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Manufacture of sterile radiopharmaceuticals labelled with fluorine-18
Interpretation of the PIC/S guide to GMP
Sampling and management of starting materials
Radioactive starting material
Reference samples of radioactive starting materials, are not required (part I, clause 1.9viii).
The radioactive starting material fluorine-18 (18F), does not need to be sampled or tested by the dosage form manufacturer before use where the quality, radioactive properties and identity are examined during the testing of the finished product (part I clauses 1.9ii and 5.30).
Where fluorine-18 (18F) is supplied as an API to third parties, the material does not need to be sampled and tested by the API manufacturer for compliance with Default Standards before use where the quality, radioactive properties and identity are examined during the testing of the finished product (part I clauses 1.9ii and 5.30).
You are not expected to perform sampling or testing of radioactive materials where there is a radiological hazard to operators(s) that cannot be effectively controlled to acceptable levels.
Non-radioactive starting materials
Retain reference samples of non-radioactive starting materials and packaging materials in accordance with Annex 19 - Reference and retention samples, to permit future examination of the material if necessary.
Reference samples of gases, solvents or water used during production are not expected (Annex 3.49).
Sample every container of non-radioactive starting materials on receipt. Reduced sampling is only permitted in cases where the supplier has undergone a detailed qualification and evaluation, and the sampling procedure validated (refer Annex 8.2-8.3).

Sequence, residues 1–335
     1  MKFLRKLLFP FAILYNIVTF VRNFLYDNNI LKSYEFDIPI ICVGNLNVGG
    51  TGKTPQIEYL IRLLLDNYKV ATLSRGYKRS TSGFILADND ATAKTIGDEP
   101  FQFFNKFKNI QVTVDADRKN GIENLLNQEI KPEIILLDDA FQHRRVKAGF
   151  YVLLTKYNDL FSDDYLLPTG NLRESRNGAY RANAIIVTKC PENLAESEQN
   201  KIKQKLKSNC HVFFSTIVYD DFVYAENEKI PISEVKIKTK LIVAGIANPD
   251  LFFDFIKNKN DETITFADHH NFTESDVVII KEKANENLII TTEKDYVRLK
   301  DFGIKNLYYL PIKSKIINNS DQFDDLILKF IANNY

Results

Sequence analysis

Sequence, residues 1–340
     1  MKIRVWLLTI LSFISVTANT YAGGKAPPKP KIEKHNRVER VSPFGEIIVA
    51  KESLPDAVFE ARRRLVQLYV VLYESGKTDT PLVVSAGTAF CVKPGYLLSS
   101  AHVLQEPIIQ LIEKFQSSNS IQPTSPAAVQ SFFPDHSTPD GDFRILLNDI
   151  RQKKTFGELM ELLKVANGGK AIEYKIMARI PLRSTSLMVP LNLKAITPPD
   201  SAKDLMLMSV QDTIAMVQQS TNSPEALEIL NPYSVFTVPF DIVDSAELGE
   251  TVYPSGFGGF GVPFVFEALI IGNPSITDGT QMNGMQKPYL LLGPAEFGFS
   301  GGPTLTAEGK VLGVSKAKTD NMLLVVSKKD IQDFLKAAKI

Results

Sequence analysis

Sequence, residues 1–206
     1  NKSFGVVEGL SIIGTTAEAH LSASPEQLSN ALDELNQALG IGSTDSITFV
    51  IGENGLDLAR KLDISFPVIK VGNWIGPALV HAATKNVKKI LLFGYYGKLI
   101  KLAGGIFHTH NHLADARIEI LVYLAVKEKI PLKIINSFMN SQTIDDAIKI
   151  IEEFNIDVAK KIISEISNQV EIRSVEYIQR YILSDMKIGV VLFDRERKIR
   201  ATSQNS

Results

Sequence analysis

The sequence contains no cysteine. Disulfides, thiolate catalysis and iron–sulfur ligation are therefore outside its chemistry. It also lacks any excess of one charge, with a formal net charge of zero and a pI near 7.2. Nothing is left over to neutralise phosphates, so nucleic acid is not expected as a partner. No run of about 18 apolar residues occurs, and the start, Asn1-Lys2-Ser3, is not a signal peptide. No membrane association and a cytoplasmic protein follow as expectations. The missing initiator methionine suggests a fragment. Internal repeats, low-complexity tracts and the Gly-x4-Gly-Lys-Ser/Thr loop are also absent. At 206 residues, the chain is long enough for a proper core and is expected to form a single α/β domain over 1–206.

Non-radioactive starting materials should meet the requirements of relevant monographs in the default standards e.g. British Pharmacopoeia, European Pharmacopeia or United States Pharmacopoeia, and testing on each delivery of each lot received for compliance with the pharmacopoeia is required. Perform identity testing on each container sampled. Other tests may be performed on composite samples where scientifically justified.
Any reduction in testing must be fully justified in accordance with QRM principles and considering the results of the assessment and qualification of the supplier, and supply history, (Annex 8.3)
The sampling of gases purchased from commercial sources and used during production is not expected, and the approval for use of these gases may be performed based on supplier approval and certificates of analysis.
Stabilising solutions or additives
Manufacture any stabilisers used in the production of sterile products in accordance with GMP requirements, e.g. sodium thiosulphate.
H218O starting materials
Source the H218O used in the production of 18F from a suitably qualified supplier. Assess each lot received for compliance with a defined specification; certificates of analysis should be available for each lot used.
Reference samples are not required for commercial synthesis kits and their accompanying reagents manufactured in accordance with GMP, e.g. peptide precursors and solvents (part I, clause 1.9viii).
Synthesis kits and reagents supplied directly from a supplier in the supplier's sealed containers and supplied with a certificate of analysis are exempt from sampling and identification testing, where the supplier is an approved supplier under the quality system of the finished product manufacturer (Annex 8.3).
Sampling areas for starting materials
A separate sampling area is not usually required for radiopharmaceutical starting materials. However, where sampling is performed and materials are exposed to the environment, conduct sampling in such a way as to prevent contamination or cross-contamination of the material and environment (part I, clause 3.22).
Qualification of suppliers
All suppliers of starting materials (including packaging materials) should be qualified under the manufacturer's Pharmaceutical Quality System (PQS) and in accordance with Quality Risk Management Principles. Take account of the following when validating starting materials (Annex 8.3):